ETF 360: Q&A with KraneShares' Brendan Ahern | ETF Trends

For this week’s episode of ETF 360, ETF Trends CEO Tom Lydon and CIO Dave Nadig spoke with Brendan Ahern, CIO of KraneShares, discussing the current climate in China and the strategy behind $KSTR.

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As Ahern makes clear, China is actually three-quarters in front of the United States as far as opening back up. Following a strong quarantine in the first quarter, the current state, as based on the Q4 earnings statements, hints at good things to come.

“China’s almost like a tell in poker,” Ahern states. “Because China’s a little bit further ahead of the rest of us, we kind of know how things are going to play out.”

Narrowing down to how KraneShares delves into the China market, there’s more to say about their newly released products. Having just launched the KraneShares SSE Star Market 50 Index ETF (KSTR), which tracks the STAR Market, Ahern has reason to believe that it’s something to care about. The STAR Market is a newborn part of the Shanghai Stock Exchange (SSE) that is geared toward allowing innovative growth companies to come to market.

“Like many countries, China has lots of needs from a technology perspective,” Ahern continues. “So, the STAR Board is there to provide a venue, predominantly with technology companies, biotech companies, etc., which come to market, and fund their growth by raising capital via an IPO so they can put that into research and development.”

Chinese Companies’ Maturation

When it comes to IPOs, SPACs, innovative technology, etc., China is in a great place for investment bankers. Some of this has to do with U.S.-listed Chinese companies being re-listed in Hong Kong, where investors know and recognize those companies at the same time as mainland China. Meanwhile, in mainland China, last year, 47% of all the capital raised via IPO was done on the STAR Board.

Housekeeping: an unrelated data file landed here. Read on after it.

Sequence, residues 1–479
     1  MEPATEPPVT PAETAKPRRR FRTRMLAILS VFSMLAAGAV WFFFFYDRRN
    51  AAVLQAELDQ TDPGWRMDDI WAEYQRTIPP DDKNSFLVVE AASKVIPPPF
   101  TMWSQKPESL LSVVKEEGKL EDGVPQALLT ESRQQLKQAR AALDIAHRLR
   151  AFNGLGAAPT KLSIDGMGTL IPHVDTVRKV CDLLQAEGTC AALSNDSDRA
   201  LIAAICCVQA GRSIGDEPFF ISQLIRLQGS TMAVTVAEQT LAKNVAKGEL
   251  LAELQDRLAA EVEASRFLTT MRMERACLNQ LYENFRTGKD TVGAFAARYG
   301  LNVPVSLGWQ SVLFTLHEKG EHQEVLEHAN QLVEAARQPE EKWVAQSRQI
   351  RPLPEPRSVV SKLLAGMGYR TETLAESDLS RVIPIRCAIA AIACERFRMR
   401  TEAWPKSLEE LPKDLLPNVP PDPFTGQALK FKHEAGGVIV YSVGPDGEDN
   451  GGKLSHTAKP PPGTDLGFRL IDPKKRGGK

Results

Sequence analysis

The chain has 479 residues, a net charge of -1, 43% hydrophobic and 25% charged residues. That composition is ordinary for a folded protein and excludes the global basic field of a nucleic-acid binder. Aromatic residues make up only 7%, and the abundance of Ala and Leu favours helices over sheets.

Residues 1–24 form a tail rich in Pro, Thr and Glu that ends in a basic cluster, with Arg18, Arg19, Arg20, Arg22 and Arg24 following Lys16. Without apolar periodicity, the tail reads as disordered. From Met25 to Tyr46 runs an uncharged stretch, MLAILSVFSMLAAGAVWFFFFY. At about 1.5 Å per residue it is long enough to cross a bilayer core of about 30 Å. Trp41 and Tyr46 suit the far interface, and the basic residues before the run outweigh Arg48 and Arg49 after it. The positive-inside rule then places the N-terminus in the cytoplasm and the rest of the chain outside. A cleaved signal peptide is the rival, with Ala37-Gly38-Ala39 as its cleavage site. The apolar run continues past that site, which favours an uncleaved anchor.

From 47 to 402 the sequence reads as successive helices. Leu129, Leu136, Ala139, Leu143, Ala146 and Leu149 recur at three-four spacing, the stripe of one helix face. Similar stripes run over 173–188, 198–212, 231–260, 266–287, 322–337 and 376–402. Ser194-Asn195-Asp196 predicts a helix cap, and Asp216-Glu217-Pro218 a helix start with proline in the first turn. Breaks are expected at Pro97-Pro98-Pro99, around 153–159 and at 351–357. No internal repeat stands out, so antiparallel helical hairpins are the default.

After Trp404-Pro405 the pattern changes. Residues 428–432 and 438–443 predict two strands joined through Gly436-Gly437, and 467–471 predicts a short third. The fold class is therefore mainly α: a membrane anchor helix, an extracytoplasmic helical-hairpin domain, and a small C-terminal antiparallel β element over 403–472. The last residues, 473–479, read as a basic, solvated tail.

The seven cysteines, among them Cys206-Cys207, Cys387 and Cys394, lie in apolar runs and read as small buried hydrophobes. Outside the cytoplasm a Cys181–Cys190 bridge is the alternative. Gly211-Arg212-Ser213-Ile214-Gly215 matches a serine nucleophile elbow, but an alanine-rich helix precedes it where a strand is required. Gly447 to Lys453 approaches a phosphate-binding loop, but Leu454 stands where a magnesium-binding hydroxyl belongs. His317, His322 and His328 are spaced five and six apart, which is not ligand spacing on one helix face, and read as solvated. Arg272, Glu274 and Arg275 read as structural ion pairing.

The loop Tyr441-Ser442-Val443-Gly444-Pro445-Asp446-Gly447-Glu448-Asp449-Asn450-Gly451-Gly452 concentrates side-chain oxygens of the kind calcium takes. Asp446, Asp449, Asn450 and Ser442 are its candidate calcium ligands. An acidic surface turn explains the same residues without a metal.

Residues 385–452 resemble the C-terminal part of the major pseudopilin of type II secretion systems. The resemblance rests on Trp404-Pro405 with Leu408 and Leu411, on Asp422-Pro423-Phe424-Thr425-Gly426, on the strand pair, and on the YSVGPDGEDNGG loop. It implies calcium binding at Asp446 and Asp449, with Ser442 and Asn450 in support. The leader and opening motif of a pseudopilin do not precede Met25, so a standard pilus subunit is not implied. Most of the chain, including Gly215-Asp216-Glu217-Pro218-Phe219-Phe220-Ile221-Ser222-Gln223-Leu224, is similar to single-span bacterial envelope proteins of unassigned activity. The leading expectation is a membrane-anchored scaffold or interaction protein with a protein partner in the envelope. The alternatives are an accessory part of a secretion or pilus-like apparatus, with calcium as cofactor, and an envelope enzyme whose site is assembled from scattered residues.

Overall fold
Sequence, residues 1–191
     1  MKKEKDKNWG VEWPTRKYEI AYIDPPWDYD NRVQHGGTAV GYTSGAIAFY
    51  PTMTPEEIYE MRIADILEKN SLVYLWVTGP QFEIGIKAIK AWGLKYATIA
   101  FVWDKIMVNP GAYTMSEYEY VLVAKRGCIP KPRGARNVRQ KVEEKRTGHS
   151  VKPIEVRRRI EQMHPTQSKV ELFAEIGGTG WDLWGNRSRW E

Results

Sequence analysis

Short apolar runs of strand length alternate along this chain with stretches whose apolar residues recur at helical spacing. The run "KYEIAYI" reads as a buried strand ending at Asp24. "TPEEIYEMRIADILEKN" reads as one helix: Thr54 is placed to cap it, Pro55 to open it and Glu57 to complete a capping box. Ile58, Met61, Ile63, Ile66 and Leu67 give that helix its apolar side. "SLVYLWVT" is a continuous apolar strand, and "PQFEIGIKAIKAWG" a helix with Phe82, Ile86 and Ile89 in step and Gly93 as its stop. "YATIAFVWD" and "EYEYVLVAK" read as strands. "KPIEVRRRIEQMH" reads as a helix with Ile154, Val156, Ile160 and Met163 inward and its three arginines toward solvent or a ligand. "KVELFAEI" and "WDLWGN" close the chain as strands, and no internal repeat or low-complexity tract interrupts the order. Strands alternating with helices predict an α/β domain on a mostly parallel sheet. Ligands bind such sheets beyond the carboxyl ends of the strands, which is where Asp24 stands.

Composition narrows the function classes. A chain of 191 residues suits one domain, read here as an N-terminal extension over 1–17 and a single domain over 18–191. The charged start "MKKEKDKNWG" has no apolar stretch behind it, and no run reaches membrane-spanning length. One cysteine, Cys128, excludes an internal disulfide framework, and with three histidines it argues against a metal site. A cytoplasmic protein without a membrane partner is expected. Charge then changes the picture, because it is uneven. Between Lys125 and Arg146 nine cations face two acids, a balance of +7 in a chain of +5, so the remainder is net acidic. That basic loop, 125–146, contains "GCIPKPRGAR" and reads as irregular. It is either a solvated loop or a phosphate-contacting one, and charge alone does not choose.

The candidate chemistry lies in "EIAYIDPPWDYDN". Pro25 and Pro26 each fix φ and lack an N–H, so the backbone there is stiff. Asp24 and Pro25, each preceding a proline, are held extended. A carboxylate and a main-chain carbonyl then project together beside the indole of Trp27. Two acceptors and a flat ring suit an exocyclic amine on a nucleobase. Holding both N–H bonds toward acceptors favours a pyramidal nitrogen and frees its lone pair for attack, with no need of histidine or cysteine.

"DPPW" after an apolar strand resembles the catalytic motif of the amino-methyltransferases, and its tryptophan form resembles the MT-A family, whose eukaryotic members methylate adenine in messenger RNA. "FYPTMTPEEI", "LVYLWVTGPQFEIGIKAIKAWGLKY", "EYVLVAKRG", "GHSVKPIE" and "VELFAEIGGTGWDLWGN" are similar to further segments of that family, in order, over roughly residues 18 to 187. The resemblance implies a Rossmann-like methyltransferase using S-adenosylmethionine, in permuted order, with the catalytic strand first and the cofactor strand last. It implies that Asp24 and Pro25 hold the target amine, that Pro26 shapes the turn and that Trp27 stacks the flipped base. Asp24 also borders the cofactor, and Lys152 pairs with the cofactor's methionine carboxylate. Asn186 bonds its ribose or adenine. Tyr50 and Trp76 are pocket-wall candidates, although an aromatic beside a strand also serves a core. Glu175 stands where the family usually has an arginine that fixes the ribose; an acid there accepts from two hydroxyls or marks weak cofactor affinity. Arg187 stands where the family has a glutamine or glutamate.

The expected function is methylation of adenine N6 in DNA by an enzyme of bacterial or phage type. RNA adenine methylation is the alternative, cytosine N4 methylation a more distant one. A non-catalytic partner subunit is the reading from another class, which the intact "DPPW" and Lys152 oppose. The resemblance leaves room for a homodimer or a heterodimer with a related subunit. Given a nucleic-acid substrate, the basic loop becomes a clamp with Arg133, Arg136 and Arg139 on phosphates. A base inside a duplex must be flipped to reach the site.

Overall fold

“Clearly, the STAR Board is taking this leading role of being where companies are going to be listing in mainland China,” Ahern notes.

There’s a path where the percentage China has of the MSCI of emerging markets could grow to around 60%. The capital markets growth is a large part of this, and the trend is likely only going to continue.

Speaking to the companies that are listed in the STAR Market,  Ahern believes that as these firms go public, they are being added to other benchmarks due to the STAR Board being a part of the SSE, which, in turn, adds them to the Shanghai Composite.

“We just had some of these companies added to the Stock Connect. Stock Connect is the trading venue that allows foreign investors to go into China. The first batch of STAR companies were approved for Stock Connect trading,” Ahern explains. This maturing graduation is reminiscent to how companies in the U.S. progress over time as well.

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